Tag: Pre-Med

Pre Med Biology Major

Pre Med Biology Major


Upon talking to a lot of administrators, staff, and advisers, it is very popular that students start off as being a biology major and on the pre-medical track. I can vouch for that- I am trying to be the same.

It is understandable that most students would initially assume that Biology is the entire ‘jist’ of what medicine is all about. Throughout elementary and high school life, Biology has been the topic where most things health-related are found in.

One thing I am trying to do is explore other majors and minors that be of more interest. Biology is a lot to take in; for me, there is a tremendous amount of conceptual thinking. I am more of a visual learner, so it is harder to put a biological picture in my head, especially at the molecular/cellular level. Although biology can be challenging, I am still very interested in subject because I gain a better understand of mother nature and why things happen- ecologically, anatomically, conceptually, etc. It’s really satisfying when you get the ‘ah ha!’ moment!

Anyways, it is common that students have their ‘epiphany’ moment for a desire to do a different major or minor, especially at the freshman or sophomore level when they take the introductory classes; it is completely natural. From there, they get a better idea of what they want to further study.

How to Choose the Right High School Classes

How to Choose the Right High School Classes


Everyone wants to know the secret recipe of high school classes to earn admission at Loyola, and while there is not one right combination of classes to choose, I am going to share some of my personal advice for making these decisions:

How are Honors, AP, or IB Classes perceived by Loyola?

  • It’s always nice to see students challenging themselves by taking some of these high level courses. However, it’s not a good move to stack your schedule with these classes if you’re not going to be successful in them. A transcript full of failed AP courses is not going to impress an admission counselor, so talk to your teachers and counselors to find the level that is really the best fit for you. It’s also important to know that you can be admitted without taking these classes, so don’t feel the need to force yourself into one of these classes that might be too much for you.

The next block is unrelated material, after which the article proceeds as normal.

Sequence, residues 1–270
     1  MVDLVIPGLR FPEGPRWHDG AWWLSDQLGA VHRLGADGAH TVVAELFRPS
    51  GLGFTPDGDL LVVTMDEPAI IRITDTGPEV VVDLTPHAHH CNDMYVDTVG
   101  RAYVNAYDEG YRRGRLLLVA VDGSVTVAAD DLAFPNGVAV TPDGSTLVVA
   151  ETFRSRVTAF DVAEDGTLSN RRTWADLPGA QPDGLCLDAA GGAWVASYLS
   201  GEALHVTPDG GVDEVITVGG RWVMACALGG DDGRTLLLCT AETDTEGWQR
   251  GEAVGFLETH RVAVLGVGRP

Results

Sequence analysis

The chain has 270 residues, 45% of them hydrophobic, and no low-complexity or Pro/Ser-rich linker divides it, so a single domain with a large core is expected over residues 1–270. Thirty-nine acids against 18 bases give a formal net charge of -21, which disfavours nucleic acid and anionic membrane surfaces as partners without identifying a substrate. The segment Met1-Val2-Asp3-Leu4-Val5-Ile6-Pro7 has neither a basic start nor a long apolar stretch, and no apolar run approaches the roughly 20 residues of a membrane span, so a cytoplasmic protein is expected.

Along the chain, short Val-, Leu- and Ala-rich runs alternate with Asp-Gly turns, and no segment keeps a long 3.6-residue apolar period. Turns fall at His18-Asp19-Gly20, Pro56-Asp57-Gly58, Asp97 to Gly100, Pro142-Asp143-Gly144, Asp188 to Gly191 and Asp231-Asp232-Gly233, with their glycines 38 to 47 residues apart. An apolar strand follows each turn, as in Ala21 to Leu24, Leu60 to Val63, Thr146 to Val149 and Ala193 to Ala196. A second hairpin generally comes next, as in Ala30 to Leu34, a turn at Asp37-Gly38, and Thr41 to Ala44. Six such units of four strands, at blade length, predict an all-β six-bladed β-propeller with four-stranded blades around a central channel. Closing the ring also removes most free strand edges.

So is it better to take an honors class and get a B or take the standard level and get an A?

  • In my opinion, take the AP class and get a B. We accept weight GPA’s so if your school weights AP, IB, or Honors classes, you’ll still benefit in regard to your GPA (but keep in mind, your GPA isn’t everything… all aspects of the application are used to make decisions).

Should I take AP or IB exams?

Speaking of exams, should I take the SAT subjects tests?

  • Loyola doesn’t look at these scores at all during the admission and scholarship review process, so no. However, make sure you know the requirements of others colleges you might be applying to in the fall.

Should I take the writing portion of the ACT or SAT?

  • While we don’t look at this section for admission and scholarship purposes, other schools might. If you’re interested in doing the Dual-Acceptance Pharmacy Program with Midwestern and Loyola, Midwestern will want to see the writing portion to make their admission decision.

Will I get transfer credit from Loyola for Dual-Enrollment Courses with other Colleges or Community Colleges? And is there a limit to how much credit I can receive? 


If I want to go into the following major or advising track, what classes should I take?

  • Nursing – Definitely focus on taking higher level and elective classes in the maths and sciences.
  • Engineering – Physics and Calculus are must-haves and then solid results in  your other math and science classes.
  • Pre-Med – Again, focus on the maths and sciences.
  • Pre-Pharmacy – Maths and sciences are key again, specifically Chemistry.

Do I need 4 years of a foreign language?

  • Not necessarily. Loyola will be content with less as long as you still meet your high school’s graduation requirements. This goes for other subject areas, as well.


Good Luck!




Loyola’s Pre-Med Track

Loyola’s Pre-Med Track

One of the reasons why I chose to attend Loyola was because of its good reputation on everything science-related. Since I aspire to become a doctor, I knew I was going down the right path when I was put into the Pre-Med (Pre-Health) track. This track requires students to enroll in specific courses to help them get into medical school and so on and so forth. These classes include: Biology, Organic Chemistry, Statistics, Psychology, Sociology, Physics, etc. Yes, these might seem like difficult, challenging classes (and yes, to me, some of them are hard), but they really help you prepare for the MCAT and ultimately allow you to develop a doctor-like mindset with medical terminology and talents.

If you are indecisive on what career to choose (with your Pre-med track), fear not! Loyola has a wonderful service in the Career Development Center that have a group of people solely dedicated to Pre-Health counseling. They can help guide you down your dream career by narrowing down your interests and abilities. Personally, I have met with them numerous times and they have successfully helped me out!

I understand that going down the medical field may be long, challenging, and tiring, it is truly worth it in the end. You simply must have the will-power and strength to carry yourself onward.